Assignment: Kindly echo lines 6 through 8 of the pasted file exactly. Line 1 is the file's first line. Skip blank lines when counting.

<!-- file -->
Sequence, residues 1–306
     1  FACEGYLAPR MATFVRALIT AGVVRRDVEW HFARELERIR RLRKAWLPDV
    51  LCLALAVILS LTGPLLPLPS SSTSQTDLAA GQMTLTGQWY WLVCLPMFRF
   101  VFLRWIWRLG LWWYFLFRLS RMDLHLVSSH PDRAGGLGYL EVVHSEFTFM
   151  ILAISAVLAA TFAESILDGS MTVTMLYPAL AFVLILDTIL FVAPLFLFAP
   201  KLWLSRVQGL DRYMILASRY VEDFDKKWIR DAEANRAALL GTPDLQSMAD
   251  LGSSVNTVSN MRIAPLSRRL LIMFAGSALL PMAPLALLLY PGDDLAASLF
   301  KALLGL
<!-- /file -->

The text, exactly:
   201  KLWLSRVQGL DRYMILASRY VEDFDKKWIR DAEANRAALL GTPDLQSMAD
   251  LGSSVNTVSN MRIAPLSRRL LIMFAGSALL PMAPLALLLY PGDDLAASLF
   301  KALLGL